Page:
All organisms must control their cell division. Unicellular organisms have to coordinate nuclear division, cytokinesis (cell separation) and DNA synthesis so that the correct order of events is maintained (1, 2). In addition, the cell cycle must be coordinated with nutrient availability and differentiation into the meiotic, or sexual, cycle. Multicellular organisms, such as humans, also have to maintain the correct order of events within the cell cycle, and must, in addition, regulate the growth and division of different tissues so that uncontrolled proliferation does not lead to tumorigenesis (3, 4). This complex task of controlling the timing of cell proliferation in response to both external stimuli and internal status is not yet fully understood. The study of cell cycle controls in a number of experimental systems has led to the discovery that much of the basic machinery underlying control of the cell cycle has been conserved in all eukaryotic organisms (5). In this chapter, I will attempt to describe these fundamental mechanisms that control the cell cycle, and to relate them to the etiology of cancer development.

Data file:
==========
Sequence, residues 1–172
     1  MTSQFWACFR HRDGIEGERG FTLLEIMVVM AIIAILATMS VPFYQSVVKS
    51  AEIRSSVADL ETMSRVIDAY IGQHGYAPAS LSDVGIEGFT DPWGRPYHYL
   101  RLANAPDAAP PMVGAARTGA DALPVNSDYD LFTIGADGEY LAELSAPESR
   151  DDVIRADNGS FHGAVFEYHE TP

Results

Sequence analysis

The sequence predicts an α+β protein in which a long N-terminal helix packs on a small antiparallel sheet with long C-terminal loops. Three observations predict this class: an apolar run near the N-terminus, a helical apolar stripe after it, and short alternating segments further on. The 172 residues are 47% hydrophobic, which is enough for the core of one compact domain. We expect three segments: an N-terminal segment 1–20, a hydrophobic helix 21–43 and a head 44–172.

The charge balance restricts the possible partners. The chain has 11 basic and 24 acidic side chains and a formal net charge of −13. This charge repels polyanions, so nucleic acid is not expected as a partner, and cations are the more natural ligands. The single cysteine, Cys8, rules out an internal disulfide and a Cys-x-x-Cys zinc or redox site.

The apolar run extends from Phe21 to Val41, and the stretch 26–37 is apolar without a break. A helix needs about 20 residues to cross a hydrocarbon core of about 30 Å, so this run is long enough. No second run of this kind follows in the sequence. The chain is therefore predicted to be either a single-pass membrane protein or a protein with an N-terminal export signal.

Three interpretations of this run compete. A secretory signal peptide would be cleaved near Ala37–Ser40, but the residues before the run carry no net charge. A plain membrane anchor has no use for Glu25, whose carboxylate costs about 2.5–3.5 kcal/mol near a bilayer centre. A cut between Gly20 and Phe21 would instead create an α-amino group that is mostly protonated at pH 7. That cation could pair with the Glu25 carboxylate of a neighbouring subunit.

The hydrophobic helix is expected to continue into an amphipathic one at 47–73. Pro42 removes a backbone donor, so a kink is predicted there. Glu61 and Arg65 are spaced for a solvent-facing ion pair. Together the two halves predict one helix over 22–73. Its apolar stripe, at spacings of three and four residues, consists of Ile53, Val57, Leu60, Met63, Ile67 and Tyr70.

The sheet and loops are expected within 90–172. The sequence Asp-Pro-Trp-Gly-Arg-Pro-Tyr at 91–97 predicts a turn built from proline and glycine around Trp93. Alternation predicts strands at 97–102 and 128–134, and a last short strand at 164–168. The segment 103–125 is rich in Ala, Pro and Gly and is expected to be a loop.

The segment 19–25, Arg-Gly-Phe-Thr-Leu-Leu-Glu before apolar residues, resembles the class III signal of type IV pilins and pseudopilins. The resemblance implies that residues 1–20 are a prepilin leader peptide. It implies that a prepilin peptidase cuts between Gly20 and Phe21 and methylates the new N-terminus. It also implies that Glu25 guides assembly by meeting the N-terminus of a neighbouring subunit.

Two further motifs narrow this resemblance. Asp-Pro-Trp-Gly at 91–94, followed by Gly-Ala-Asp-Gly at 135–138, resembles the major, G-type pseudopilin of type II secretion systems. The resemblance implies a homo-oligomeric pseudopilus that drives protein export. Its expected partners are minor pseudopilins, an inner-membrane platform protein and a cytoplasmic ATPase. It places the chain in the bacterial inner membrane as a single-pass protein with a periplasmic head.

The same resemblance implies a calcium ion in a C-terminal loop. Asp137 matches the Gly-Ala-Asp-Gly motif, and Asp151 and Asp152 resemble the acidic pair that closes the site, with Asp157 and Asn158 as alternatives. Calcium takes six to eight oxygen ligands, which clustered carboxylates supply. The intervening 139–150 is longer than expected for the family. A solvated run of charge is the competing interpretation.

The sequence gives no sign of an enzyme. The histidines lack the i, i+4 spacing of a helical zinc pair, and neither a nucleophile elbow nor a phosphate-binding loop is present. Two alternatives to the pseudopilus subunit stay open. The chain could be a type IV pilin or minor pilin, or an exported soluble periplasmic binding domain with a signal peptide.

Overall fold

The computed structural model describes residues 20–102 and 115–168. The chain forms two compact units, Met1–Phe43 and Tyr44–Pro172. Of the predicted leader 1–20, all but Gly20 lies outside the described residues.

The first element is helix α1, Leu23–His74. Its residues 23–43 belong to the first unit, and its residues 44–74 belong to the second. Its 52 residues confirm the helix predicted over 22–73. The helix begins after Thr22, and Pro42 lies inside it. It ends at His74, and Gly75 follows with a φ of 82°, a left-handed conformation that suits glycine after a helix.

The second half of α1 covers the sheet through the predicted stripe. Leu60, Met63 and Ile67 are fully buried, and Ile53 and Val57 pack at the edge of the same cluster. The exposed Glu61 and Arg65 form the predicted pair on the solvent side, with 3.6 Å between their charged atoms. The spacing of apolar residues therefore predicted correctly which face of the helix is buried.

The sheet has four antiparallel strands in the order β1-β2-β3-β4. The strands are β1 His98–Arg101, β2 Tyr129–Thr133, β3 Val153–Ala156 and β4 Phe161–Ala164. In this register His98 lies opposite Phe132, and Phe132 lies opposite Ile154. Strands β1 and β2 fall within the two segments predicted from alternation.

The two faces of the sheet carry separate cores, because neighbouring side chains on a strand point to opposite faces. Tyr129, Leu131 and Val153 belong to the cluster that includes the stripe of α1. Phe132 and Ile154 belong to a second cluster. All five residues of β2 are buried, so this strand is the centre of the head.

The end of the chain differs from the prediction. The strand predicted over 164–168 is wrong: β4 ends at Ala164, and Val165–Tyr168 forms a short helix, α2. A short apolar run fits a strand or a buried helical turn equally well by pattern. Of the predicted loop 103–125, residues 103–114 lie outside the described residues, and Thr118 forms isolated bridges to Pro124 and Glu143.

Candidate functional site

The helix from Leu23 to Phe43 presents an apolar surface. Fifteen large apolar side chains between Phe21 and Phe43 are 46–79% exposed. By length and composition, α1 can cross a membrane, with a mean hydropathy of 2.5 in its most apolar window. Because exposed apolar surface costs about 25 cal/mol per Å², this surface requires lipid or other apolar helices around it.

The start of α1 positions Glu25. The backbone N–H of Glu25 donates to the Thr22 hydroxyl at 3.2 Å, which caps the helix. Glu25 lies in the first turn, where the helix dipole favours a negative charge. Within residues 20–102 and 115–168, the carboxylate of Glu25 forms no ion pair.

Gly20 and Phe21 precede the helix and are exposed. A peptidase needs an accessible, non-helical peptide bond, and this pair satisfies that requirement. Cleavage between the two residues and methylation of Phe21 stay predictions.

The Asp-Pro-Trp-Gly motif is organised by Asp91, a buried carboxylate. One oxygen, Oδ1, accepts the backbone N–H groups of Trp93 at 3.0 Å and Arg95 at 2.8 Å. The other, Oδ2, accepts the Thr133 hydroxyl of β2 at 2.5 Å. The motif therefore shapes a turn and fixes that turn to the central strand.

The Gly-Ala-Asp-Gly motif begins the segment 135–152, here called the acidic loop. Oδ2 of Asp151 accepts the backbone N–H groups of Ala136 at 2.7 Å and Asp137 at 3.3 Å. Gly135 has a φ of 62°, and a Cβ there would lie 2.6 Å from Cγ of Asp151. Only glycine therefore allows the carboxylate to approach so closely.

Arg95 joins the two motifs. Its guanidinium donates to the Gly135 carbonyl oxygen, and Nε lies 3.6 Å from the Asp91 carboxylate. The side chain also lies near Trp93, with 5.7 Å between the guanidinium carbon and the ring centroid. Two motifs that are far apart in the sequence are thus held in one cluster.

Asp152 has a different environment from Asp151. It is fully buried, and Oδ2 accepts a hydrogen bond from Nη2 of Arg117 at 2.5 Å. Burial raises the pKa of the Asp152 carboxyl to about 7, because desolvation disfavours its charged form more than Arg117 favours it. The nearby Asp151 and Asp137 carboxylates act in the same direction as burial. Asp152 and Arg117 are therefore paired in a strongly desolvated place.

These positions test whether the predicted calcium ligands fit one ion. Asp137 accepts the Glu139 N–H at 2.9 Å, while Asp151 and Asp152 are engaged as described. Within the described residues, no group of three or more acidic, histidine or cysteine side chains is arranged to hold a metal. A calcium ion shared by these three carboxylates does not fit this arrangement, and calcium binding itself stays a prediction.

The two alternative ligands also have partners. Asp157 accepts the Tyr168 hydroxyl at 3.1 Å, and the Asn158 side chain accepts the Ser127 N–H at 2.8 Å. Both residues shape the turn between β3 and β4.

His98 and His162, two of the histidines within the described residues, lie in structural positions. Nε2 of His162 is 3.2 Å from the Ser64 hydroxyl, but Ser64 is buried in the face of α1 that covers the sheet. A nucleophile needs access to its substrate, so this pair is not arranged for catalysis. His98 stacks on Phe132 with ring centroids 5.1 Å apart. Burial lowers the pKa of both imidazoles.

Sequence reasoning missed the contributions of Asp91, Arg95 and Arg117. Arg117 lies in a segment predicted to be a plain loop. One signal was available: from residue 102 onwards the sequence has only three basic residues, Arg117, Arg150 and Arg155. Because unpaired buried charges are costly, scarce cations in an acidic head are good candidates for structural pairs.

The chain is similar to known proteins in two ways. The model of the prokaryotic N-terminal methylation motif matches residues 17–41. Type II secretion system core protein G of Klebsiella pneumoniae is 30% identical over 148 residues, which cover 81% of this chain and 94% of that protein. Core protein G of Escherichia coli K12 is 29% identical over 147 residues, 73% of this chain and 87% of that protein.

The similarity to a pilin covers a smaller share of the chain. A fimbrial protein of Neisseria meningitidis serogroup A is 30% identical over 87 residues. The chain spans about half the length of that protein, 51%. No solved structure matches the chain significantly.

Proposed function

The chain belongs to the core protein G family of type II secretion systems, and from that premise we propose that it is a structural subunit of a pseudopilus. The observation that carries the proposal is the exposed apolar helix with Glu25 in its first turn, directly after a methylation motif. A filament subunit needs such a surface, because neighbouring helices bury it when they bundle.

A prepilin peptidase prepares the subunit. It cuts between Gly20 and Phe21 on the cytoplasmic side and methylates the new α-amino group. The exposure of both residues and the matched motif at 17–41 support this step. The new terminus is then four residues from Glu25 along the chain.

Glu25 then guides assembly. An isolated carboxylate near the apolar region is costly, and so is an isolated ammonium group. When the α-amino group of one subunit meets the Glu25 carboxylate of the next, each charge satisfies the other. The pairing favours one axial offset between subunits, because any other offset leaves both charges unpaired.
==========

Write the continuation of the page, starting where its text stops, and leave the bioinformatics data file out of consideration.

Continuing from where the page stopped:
KeywordsFission Yeast Cell Cycle Control Phosphorylation Event Kinase Complex Inhibitory Tyrosine Phosphorylation
Unable to display preview. Download preview PDF.
- 6.Nurse P (1975) Genetic control of cell size and cell division in yeast. Nature 256 547:551.Google Scholar
- 11.Gould KL, Moreno S, Owen DJ, et al. (1991) Phosphorylation at Thrl67 is required for Schizosaccharomyces pombe p34cdc2 function. EMBO J 11:3297–3309.Google Scholar
- 13.Parker LL, Atherton-Fessler S, Piwnica-Worms H (1992) pl07weel is a dual-specificity kinase that phosphorylates p34cdc2 on tyrosine 15. Proc Nat Acad Sci USA 89:2971–2921.Google Scholar
- 17.Dunphy WG (1994) The decision to enter mitosis. TICB 4:202–207.Google Scholar
- 19.Novak B, Tyson JJ (1993) Numerical analysis of a comprehensive model of M-phase control in xenopus oocytes and intact embryos. J Cell Sci 4:1153–1168.Google Scholar
- 34.Firpo EJ, Koff A, Solomon M, Roberts JM (1994) Inactivation of a cdk2 inhibitor during interleukin 2-induced proliferation of human T lymphocytes. Molec and Cell Biol 14: 4889–4901.Google Scholar